It is a further object of the invention to provide such an apparatus which easily interfaces with existing phase shifter designs, and can be implemented at relatively small incremental cost for the antenna system.

SUMMARY OF THE INVENTION

In accordance with the invention, there is provided apparatus for cutting off the supply of wave energy signals through a malfunctioning phase shifter in a phased array antenna having a plurality of antenna elements and a coupling network including phase shifters for supplying wave energy signals to the elements. The apparatus includes means associated with each of the phase shifters for detecting a malfunction and for generating an output signal representative of a malfunction in the phase shifter. There is also provided a switch associated with each of the phase shifters and responsive to the malfunction representative output signal for preventing passage of wave energy signals to the antenna elements through the malfunctioning phase shifter.

In one embodiment, the switch may be realized by providing a diode connected across a transmission line in the coupling network in series with the phase shifter. In another embodiment, the switch may be implemented using the 180 bit of a diode phase shifter itself. In the latter case, the 180 bit of the diode phase shifter can be used as a switch by reversing the bias signal supplied to one of the diodes in the 180 bit with respect to the bias signal supplied to the other diode. The phase shifter, malfunction detecting apparatus and switch are conveniently arranged in a single package.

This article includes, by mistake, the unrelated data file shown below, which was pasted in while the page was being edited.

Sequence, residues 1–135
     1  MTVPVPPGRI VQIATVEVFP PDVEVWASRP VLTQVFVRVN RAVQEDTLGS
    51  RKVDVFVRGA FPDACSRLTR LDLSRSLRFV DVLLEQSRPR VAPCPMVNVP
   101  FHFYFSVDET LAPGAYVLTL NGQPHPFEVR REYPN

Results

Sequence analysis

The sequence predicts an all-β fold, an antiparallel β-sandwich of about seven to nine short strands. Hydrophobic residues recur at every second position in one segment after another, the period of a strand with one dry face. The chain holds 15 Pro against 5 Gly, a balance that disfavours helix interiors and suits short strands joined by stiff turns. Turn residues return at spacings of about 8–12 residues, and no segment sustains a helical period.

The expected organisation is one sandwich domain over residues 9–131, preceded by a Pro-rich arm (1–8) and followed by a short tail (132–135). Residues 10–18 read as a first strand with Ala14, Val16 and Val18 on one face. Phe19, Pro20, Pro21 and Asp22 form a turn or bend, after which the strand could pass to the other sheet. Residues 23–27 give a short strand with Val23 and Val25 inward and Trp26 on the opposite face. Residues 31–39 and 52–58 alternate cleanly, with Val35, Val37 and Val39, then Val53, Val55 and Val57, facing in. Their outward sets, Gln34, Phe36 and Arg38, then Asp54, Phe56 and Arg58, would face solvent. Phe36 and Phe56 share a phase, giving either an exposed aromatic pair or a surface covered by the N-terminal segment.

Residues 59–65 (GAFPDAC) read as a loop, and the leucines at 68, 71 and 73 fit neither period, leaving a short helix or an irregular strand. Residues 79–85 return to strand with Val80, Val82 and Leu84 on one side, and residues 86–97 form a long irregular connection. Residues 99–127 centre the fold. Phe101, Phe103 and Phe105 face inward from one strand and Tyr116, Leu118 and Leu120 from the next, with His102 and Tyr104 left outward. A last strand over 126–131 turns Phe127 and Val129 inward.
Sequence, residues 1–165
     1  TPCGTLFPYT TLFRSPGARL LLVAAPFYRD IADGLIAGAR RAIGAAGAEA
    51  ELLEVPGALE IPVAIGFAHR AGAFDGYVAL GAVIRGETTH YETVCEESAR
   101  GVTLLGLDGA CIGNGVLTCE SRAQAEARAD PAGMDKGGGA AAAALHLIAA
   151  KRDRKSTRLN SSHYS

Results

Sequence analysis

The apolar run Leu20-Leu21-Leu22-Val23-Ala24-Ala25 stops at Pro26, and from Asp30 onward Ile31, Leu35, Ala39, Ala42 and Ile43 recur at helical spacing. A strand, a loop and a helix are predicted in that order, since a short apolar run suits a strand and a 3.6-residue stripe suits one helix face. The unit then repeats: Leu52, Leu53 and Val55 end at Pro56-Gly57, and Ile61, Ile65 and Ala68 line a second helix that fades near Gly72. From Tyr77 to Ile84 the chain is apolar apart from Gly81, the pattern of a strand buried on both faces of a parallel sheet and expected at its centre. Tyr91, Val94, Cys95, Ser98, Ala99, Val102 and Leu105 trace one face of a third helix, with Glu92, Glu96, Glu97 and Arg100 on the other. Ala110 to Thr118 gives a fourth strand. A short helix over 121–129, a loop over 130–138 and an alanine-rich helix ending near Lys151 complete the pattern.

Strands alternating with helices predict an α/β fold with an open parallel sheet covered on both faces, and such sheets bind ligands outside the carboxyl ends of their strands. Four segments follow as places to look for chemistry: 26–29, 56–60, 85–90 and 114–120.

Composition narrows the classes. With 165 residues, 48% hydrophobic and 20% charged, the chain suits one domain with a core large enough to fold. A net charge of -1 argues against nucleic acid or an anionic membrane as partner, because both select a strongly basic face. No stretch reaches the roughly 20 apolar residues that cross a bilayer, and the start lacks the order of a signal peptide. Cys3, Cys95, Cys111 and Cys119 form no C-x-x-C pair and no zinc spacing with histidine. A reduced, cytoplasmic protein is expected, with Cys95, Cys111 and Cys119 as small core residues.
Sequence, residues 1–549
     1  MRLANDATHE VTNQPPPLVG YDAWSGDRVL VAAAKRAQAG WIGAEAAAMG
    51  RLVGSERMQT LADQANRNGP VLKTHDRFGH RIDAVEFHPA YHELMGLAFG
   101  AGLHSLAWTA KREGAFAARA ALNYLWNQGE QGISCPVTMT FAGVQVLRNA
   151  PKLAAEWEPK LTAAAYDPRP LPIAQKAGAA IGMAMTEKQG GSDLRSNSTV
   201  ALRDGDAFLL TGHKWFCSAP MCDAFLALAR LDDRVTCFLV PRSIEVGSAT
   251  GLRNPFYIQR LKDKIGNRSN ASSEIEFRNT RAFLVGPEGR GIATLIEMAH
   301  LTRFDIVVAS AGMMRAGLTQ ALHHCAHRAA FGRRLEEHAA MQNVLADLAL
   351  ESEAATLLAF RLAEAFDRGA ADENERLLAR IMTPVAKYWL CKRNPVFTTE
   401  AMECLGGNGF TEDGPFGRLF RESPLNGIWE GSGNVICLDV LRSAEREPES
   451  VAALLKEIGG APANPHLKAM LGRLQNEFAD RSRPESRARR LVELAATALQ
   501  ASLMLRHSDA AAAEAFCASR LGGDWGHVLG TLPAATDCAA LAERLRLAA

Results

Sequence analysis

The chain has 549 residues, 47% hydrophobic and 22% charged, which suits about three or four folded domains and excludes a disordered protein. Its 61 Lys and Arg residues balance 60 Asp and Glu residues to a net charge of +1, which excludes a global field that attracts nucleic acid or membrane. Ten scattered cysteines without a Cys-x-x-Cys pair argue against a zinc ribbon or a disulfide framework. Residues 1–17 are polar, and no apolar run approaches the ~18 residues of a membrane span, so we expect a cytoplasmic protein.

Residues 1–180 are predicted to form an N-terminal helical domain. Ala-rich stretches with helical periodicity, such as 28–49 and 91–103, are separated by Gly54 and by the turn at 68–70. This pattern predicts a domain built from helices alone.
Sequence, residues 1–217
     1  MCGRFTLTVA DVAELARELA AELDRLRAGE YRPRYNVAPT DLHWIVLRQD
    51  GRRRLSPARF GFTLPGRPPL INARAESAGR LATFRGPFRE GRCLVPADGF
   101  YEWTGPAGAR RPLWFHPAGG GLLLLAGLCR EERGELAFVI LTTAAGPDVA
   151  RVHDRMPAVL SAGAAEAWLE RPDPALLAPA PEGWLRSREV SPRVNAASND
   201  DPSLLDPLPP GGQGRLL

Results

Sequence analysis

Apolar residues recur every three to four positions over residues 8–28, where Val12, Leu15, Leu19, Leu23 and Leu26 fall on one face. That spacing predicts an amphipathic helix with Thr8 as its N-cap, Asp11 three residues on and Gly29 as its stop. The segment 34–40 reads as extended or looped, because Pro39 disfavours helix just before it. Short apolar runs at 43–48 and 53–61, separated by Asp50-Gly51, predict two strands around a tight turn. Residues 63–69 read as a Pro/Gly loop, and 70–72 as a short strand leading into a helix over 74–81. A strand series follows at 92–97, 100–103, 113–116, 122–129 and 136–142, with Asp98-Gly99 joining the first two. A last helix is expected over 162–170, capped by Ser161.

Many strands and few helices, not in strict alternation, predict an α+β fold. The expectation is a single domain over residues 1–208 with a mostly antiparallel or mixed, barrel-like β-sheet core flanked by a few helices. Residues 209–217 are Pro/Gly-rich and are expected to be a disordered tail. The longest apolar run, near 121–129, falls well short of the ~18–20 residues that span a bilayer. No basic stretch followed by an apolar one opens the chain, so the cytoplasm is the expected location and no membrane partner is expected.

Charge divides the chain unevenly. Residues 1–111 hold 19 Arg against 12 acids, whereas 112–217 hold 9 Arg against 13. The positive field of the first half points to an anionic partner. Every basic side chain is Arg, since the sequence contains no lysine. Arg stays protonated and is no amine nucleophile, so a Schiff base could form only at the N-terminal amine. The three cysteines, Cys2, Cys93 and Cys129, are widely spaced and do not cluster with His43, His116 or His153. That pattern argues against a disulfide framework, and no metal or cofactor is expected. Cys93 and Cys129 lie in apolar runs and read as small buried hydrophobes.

For a better understanding of the present invention, together with other and further objects thereof reference is made to the following description, taken in conjunction with the accompanying drawings, and its scope will be pointed out in the appended claims.

BRIEF DESCRIPTION OF THE DRAWINGS

FIG. 1 is a schematic illustration of a phased array antenna system having apparatus in accordance with the present invention.

FIG. 2 is a block diagram illustrating the phase shifter and switch of the present invention, used in the antenna system of FIG. 1.

FIGS. 3a and 3b are detailed schematic diagrams of an embodiment of the present invention wherein the 180 bit of a phase shifter also forms a switch.

FIG. 4 is a schematic diagram of an RF switch usable in the present invention.

FIG. 5 is a graph illustrating phase with respect to element groups for the array antenna of FIG. 1.

FIG. 6 is a graph illustrating phase error as a function of scan angle, when one of the phase shifters of the FIG. 1 antenna has malfunctioned.

DESCRIPTION OF THE INVENTION

FIG. 1 illustrates a phased array antenna of the type described in prior U.S. Pat. No. 4,041,501 to Frazita et al. The system includes a transmitter 12 which is connected to antenna elements by coupling network 14. Network 14 includes a plurality of digital phase shifters 18. Phase shifter control signals are provided by control unit 34, various designs for which are well known to those skilled in the art. The output of each phase shifter 18 is connected to a corresponding one of the power dividers 16 and signals from each of the phase shifters are supplied to a corresponding one of the element groups 20, 21, 22, etc. The antenna element groups 20, 21, 22 comprise element pairs 20a, 20b, 21a, 21b, etc., respectively. Transmission lines 30 and 32 interconnect the element groups and cause signals supplied to the input of any one of power dividers 16 to be distributed to elements in all the element groups of the array.

The antenna coupling network 14 of the type shown in FIG. 1 enables a phased array antenna to radiate signals into a selected region of space and suppress radiation into other regions of space, thereby allowing a large effective element spacing without undesired grating lobes. As a result, the array can have a smaller number of phase shifters than prior art array antennas which perform the same function. The array 10 illustrated in FIG. 1 has eight phase shifters which supply signals to 16 antenna elements.